The downside of driving a so-called luxoboat is the fact that ownership of same is presumed to mean that you can afford parts and service even dearer than the usual; as a result, I have become acutely sensitive to the slightest changes in vehicle behavior.

Maybe. Out of the driveway to run yesterday’s errands, and damn, these brakes are grabby. Something left on the rotor from this week’s (sort of) snowstorm? Greater warpage than I’d thought? I changed my modulation technique — basically, I backed off on the pedal pressure — and the grabbiness went away. Okay, what’s different between yesterday and the day before?

The answer is “shoes,” but not brake shoes. Friday night I had noticed that the insole in one of my favorite pair of walkers — the very one I was going to wear Saturday — was looking rather thin, and I’d snapped in an aftermarket replacement I’d bought some months back but hadn’t yet installed. The new insole is about three sixteenths of an inch thicker than the old one. Did this result in three sixteenths of an inch deeper pedal application, and therefore more abrupt braking? It would so seem.

I wound up the trip marveling that women seem to have no problems like this no matter what shoes they wear. Presumably they get used to it.

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It was a thousand years ago today

And the research, as it must, goes on:

Before you ask: no, they did not evolve from Monkees.

(Thanks to HCShannon for that last quip.)

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Hang on, swoopy

Suzette wonders if white cars are especially likely to draw unwelcome attention from our fine feathered friends:

Do birds have some kind of fatal attraction that compels them to fling themselves at their own peril towards white cars? Does this happen with all white cars? Does it happen to you?

I’ve encountered only two suicidal avians in the past six and a half years of driving a vanillamobile, and one of them was a pigeon, perhaps more likely to be deranged than despondent.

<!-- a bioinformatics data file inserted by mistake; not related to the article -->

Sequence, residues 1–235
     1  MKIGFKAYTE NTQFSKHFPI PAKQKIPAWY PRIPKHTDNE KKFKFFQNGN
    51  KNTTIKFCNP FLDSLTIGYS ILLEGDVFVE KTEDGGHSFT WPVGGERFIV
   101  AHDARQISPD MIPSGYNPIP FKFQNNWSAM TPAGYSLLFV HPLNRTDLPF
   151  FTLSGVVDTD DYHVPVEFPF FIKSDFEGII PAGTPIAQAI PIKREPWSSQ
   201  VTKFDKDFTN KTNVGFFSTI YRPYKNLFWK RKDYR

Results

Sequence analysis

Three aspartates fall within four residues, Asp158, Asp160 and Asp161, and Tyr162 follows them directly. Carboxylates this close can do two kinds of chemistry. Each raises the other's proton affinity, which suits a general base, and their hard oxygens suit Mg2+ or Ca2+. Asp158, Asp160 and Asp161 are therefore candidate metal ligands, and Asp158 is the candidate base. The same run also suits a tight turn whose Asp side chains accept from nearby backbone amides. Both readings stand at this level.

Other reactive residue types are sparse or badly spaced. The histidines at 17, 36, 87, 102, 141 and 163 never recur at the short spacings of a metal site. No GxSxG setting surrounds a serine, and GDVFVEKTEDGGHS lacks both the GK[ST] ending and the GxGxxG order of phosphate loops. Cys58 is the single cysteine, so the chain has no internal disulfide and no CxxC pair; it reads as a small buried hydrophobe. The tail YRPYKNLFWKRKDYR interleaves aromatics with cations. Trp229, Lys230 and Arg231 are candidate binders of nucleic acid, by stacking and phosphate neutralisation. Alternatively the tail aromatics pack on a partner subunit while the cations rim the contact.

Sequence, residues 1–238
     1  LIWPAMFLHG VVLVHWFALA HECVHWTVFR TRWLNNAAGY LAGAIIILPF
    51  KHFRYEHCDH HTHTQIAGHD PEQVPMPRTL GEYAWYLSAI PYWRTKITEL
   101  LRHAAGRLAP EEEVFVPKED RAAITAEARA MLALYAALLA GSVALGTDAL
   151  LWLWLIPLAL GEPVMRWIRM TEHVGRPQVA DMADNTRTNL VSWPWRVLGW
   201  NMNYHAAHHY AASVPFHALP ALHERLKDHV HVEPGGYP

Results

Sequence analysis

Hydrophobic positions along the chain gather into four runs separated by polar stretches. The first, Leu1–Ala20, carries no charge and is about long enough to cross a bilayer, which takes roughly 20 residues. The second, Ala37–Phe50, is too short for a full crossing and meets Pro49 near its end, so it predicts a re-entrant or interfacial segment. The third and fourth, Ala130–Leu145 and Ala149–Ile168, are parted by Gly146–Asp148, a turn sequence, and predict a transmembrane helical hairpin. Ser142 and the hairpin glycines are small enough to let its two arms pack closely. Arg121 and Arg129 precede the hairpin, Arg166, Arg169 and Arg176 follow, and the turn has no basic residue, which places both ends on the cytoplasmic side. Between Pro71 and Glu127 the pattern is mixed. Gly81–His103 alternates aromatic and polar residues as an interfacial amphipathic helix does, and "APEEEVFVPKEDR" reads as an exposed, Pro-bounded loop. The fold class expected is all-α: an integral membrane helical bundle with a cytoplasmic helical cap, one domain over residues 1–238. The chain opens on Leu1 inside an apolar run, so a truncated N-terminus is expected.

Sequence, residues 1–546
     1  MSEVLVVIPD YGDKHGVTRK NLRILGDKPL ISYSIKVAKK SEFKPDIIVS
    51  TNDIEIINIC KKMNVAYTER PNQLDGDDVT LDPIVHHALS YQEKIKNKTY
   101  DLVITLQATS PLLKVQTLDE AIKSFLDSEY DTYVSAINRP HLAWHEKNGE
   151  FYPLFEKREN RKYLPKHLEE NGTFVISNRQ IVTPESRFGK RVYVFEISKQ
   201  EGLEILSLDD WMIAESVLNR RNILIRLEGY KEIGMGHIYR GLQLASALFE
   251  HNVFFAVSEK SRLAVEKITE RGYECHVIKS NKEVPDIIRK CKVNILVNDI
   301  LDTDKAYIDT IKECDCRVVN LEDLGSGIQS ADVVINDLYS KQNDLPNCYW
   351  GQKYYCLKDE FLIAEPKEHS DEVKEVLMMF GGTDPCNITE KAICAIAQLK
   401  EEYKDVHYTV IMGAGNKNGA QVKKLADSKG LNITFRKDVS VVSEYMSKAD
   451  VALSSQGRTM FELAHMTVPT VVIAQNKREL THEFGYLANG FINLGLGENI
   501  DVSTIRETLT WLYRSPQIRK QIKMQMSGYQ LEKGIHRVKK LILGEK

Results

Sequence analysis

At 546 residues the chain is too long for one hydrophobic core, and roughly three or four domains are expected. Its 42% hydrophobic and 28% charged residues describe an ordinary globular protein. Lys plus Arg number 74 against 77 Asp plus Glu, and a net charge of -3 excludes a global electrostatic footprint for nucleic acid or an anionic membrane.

What birds do fling at this car, however, is usually vaguely whitish, though obviously no attempt is made at color-matching.

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A buck extra for cheese

And then another buck to take it off again:

Food blogger José Ralat-Maldonado tweeted during his first visit to the Outpost American Tavern in Dallas: “A fee for leaving cheese off a burger?”

Aside to Ronald McDonald: You did not see this.

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Hang them up

How do you handle a persistent telemarketer? Have you tried verbal abuse?

Press 2 to be taken off the list, and I wasn’t taken off the list. Press 1 to talk to a representative and ask to be taken off the list, and I wasn’t taken off the list. I’m not proud to admit what I did that finally worked: I started harassing them. Rather, I started berating the person behind Press 1. I don’t like being anything but nice to working schlubs. But these people do work for a disreputable company (or series of companies) offering bogus deals on auto reinsurance.

Berating them worked. It was the only thing that did.

Much as I enjoy berating people, it’s a fact that the recipients in this case are merely cogs; the big wheels never suffer any inconvenience at all. And ultimately, we’re never going to get rid of these jerks until there’s an understanding by the general public that everything is a scam until proven otherwise.

The recent trend away from landlines will help, I think; it’s a lot easier to tell someone to go fart up a flagpole if you’re having to pay for those wasted minutes.

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First, delete system32

If this isn’t trollage, the person posting it needs to be kept away from anything with an IP address indefinitely:

Screenshot from Yahoo Answers: When I right click on the image and click print, it does, but when it is done printing and on paper the image doesn't move.

And if it is trollage, the person posting it needs to be kept away from anything with an IP address indefinitely.

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Wooden you like it